Garbage – Not Your Kind of People

Seven years have passed since Garbage released their last album, Bleed Like Me. During the band’s hiatus the creative bookends of the band kept busy. Butch Vig produced, and Shirley Manson worked on an unreleased solo album while making her professional acting debut. The band came together, booked some studio time and completed their fifth studio album, Not Your Kind of People.

Garbage has always found a way to create songs that balance between glossy pop-electronica and dark alternative. There always seems to be something deeper in their songs that are hidden by a clean and shiny production. Well, the band picks up right where they burned out seven or eights years ago.

The album opens up with “Automatic Systematic Habit,” an upbeat, ready-for-radio song that builds around an obvious New Order bassline. As Manson declares that she wants to be “my dirty little secret,” it strikes me that the opening track sounds a little Miley Cyrus-ish. And there’s nothing wrong with that. I think.

Buried within a bunch of pop-friendly tunes is “Not Your Kind of People,” a Beatlesque, Abbey Road era tune that is slow, thoughtful and well crafted that every outsider will find solace in. It’s a song like this that showcases Garbage’s ability and talent as a group. Simply put, it’s a beautiful track that will probably get lost in the ubiquitous, Adderall fueled pop noise that dominates the rest of the album. To be musically relevant and convincing, Garbage should build upon the title track and move away from their soundtrack heavy sound.

“I Hate Love” revisits the stereotypical Garbage sound that consists of a determined and enchanted Manson vocal carefully layered over a warm and driving melody made for dancing. It’s the blueprint for most every Garbage song ever released.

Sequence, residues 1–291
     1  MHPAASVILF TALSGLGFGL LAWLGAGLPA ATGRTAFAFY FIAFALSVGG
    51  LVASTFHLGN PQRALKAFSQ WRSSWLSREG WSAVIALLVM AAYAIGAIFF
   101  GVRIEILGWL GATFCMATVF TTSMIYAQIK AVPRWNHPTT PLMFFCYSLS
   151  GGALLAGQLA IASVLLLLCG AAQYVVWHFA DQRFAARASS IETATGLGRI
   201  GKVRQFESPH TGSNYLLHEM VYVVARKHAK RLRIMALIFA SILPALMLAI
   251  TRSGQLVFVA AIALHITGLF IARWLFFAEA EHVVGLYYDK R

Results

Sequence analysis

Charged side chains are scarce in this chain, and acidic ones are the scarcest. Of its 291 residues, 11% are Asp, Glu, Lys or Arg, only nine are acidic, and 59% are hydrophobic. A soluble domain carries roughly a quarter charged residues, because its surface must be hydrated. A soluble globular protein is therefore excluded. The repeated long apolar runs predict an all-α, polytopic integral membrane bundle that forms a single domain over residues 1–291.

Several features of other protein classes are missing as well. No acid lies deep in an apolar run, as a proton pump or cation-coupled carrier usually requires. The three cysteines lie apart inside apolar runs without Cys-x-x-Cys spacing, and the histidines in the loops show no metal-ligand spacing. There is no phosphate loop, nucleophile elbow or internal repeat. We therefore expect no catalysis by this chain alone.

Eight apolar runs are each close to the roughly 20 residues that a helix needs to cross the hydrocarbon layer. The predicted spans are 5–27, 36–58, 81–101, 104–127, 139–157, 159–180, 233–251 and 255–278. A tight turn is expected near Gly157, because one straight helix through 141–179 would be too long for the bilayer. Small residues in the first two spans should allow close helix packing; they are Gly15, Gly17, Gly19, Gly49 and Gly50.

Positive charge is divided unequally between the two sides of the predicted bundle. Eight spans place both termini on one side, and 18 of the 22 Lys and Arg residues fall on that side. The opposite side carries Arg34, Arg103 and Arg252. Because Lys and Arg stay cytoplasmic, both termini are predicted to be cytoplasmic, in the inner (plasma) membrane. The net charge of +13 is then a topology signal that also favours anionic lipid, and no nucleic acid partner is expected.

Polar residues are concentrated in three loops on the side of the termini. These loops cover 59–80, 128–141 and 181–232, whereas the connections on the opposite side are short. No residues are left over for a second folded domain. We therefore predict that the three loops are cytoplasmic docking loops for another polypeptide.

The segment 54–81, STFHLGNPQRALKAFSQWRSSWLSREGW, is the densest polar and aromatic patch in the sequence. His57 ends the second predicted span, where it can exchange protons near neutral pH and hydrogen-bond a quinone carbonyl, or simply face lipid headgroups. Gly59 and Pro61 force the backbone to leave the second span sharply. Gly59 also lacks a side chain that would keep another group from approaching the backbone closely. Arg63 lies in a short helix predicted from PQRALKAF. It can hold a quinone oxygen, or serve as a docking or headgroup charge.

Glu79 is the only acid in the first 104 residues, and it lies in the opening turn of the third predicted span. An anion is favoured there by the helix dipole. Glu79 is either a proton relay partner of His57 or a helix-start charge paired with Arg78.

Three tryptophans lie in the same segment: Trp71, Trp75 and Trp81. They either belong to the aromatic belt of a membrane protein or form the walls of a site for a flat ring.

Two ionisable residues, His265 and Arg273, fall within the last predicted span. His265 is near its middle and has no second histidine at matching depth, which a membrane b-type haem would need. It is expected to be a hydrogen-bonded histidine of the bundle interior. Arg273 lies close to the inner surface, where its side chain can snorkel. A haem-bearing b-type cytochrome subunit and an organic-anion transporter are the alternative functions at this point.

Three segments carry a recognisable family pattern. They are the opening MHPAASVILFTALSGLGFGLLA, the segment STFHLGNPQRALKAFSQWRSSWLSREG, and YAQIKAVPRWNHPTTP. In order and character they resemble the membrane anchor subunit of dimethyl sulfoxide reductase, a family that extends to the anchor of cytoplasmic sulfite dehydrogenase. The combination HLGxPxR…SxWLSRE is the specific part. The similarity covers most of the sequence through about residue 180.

“Battle in Me” swims in familiarity and mediocrity. Manson’s lyrics, sung over stadium-sized sounds, are as forgettable as they are stale. “Get out of my face / Before I lose my patience.” I’m shaking. I get the feeling that Manson’s notebook is full of empty words and rehashed clichés that she tries to breathe life into with her energetic voice and her red painted lips.

The album ends with “Beloved Freak,” a retrospective singsong that seems out of place and derived. It’s b-side quality at best and should’ve been left off of the album. Dare I say that it is an anti-climatic way to end such an anticipated release? And would it hurt to spend a little more time on the album art?

If you’re a fan of Garbage, I’m sure you will not be disappointed with the band’s long awaited release. But, if you’re a casual Garbage listener, or if you’re new to their sound, you might see more flaws than sparkles. At this point, it’s best to purchase the title track and revisit or discover some of the band’s previous releases.


May 15, 2012. Albums.

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